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Rhein-Main Air Base, Germany

For decades the Air Force's "Gateway to Europe," Rhein-Main Air Base outside Frankfurt closes in December 2005.

Rhein-Main Air Base is located near Frankfurt, Germany. No aircraft are permanently assigned to the base. Rhein-Main Air Base is a small base named after the confluence of the Rhine and Main (pronounced mine) rivers located to the west of Frankfurt. This small community is approximately six miles southwest of Frankfurt, in the state of Hessen.

The 469th Air Base Group is Rhein-Main's host unit, supporting 30 associate units and organizations and more than 3,000 military, civilian, contractor and family members. Its mission is to maintain an infrastructure ready for major airlift contingencies and to provide quality base operating support. US Air Force and German authorities signed an official agreement Dec. 23, 1999, to close and return the base to Germany by Dec. 31, 2005. During that ceremony, the Luftbruecke (air bridge) Memorial was also transferred to the Frankfurt Airport Company. The memorial highlights Rhein-Main's key role in the Berlin Airlift and stands as a symbol of the base's history as a strategically located airlift facility.

The city of Frankfurt has a population of over 630,000 but that number doubles during the workday when people commute from all over to work in the city. Frankfurt offers all the services expected from an international city. The city has over 1000 years of history. It is Goethe's birthplace, the seat of the first national assembly, and a center of trade from the very early days. Roman armies camped here. Charlamagne held an imperial Reichstag here. Thirty-six rulers were elected here. Frankfurt is Germany's main financial center and the headquarters of the German Federal Bank, the Bundesbank, which supervises the stability of the Deutsche mark. The city is a hub of autobahn intersections and railway junctions. The Frankfurt International Airport handles more passengers than any other European airport.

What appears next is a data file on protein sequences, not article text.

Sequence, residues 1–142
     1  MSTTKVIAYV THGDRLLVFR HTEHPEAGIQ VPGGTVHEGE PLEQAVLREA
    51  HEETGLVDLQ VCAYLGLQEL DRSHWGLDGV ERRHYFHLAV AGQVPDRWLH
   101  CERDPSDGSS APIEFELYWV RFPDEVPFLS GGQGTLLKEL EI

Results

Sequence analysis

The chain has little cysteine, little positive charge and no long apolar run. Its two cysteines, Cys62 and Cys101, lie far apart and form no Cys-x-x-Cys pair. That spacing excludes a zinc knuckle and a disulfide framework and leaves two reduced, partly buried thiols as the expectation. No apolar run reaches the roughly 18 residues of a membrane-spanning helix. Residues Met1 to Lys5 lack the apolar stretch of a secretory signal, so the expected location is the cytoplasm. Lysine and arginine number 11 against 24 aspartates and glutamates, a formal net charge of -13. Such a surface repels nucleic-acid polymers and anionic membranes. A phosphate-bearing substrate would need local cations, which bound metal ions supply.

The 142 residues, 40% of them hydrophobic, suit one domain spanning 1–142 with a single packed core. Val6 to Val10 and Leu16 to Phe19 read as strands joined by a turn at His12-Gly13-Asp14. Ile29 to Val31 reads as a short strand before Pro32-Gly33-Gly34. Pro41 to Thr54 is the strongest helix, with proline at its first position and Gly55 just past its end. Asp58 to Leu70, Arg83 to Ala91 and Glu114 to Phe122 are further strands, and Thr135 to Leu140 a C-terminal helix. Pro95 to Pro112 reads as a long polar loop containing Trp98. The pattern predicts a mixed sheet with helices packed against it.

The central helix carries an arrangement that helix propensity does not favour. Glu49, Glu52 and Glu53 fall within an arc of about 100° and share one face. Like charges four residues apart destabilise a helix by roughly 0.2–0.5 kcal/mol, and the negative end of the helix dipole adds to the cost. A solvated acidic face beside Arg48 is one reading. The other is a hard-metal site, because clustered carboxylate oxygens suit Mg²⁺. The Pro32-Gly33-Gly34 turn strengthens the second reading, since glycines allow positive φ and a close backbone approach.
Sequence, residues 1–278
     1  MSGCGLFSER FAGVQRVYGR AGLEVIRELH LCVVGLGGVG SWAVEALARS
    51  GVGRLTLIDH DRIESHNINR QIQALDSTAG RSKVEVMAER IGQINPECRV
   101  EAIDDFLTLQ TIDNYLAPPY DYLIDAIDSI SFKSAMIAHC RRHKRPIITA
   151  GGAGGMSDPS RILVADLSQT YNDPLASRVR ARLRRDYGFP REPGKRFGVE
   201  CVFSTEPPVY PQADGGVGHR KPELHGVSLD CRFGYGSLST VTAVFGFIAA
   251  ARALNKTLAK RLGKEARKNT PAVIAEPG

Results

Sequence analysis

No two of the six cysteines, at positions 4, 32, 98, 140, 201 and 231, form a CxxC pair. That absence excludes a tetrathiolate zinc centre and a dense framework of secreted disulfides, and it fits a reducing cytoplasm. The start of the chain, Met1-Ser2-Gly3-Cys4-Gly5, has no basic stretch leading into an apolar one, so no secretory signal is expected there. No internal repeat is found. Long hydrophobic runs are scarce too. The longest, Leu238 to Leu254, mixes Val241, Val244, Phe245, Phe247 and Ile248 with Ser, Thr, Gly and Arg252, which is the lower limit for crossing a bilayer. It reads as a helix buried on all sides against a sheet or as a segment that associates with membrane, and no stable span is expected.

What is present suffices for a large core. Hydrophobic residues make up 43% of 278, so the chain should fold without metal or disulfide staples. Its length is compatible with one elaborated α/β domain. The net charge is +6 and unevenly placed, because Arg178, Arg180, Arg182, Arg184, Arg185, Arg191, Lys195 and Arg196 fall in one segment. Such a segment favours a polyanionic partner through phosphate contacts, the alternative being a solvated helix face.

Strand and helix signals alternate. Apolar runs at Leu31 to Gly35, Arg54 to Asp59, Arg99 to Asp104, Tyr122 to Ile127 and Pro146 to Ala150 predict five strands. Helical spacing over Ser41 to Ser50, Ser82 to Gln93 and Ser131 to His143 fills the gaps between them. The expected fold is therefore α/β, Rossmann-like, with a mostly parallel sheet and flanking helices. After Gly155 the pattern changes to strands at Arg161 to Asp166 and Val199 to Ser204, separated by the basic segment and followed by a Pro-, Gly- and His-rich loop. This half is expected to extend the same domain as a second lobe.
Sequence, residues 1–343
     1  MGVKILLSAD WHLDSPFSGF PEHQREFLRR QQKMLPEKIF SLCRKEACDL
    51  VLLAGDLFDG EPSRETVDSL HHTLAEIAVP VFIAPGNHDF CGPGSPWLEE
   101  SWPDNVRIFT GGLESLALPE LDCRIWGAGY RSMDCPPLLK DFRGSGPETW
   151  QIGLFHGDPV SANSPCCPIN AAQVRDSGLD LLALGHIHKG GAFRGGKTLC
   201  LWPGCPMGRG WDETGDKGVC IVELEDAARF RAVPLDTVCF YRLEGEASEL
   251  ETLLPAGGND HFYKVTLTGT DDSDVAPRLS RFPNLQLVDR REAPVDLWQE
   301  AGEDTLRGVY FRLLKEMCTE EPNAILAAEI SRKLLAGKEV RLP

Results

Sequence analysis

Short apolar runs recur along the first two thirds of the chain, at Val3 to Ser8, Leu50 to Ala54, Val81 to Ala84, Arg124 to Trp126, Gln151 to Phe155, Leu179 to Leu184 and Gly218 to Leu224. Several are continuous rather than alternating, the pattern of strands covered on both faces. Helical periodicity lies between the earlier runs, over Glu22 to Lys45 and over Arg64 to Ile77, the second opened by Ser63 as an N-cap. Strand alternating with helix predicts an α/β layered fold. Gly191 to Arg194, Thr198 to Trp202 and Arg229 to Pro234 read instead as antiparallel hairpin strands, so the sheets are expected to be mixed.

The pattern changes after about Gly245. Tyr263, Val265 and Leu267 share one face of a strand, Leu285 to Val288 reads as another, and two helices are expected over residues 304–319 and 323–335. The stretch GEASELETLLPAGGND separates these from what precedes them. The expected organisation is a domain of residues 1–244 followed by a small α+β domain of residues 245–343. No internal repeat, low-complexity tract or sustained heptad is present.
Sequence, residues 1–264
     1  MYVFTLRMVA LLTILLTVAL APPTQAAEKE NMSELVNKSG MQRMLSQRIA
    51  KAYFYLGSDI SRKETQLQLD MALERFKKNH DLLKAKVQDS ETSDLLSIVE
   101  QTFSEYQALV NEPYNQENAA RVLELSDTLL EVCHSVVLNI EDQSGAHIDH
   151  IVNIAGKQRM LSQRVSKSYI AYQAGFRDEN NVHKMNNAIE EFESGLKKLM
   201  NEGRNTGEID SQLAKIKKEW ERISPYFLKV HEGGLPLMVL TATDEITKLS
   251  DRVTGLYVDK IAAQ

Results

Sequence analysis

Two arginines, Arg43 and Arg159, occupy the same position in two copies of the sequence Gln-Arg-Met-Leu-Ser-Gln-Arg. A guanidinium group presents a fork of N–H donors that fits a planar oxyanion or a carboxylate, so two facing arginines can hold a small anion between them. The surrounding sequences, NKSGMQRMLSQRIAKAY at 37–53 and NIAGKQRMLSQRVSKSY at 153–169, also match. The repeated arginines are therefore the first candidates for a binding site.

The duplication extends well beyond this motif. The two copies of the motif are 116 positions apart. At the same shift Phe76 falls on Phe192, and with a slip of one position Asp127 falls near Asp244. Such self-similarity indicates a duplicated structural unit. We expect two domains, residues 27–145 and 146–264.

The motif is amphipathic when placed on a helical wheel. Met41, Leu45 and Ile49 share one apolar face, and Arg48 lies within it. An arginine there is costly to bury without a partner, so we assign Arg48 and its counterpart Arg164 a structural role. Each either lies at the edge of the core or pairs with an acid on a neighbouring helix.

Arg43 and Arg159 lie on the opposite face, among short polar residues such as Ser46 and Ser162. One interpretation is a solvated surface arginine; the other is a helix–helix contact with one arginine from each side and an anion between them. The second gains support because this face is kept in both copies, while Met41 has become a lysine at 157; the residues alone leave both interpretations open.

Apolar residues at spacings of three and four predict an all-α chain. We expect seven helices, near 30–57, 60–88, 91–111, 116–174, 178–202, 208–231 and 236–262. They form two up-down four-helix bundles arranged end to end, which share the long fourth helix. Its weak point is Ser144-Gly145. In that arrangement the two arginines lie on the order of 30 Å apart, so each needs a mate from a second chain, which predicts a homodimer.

In 1909, Count von Zeppelin used the area as a landing site for his lighter than air dirigible Z-II. Germany had planned the site for use as one of the most important European air terminals on the continent. In 1936, the base opened for commercial use. The northern part of the base saw use with airplanes and the extreme southern part near Zeppelinheim served as a base for rigid airships. The southern portion of Rhein-Main became the port for the Graf Zeppelin, its sister ship LZ-130, and until May 6, 1937, the ill-fated Hindenburg. The airships were dismantled and their huge hangars demolished on May 6, 1940, when the base was converted for military use. Luftwaffe engineers extended the single runway and erected hangars and other facilities for German military aircraft. During World War II, the Luftwaffe used the field sporadically as a fighter base and as an experimental station for jet aircraft. Allied forces bombed the base heavily in the latter part of 1944 and the beginning of 1945.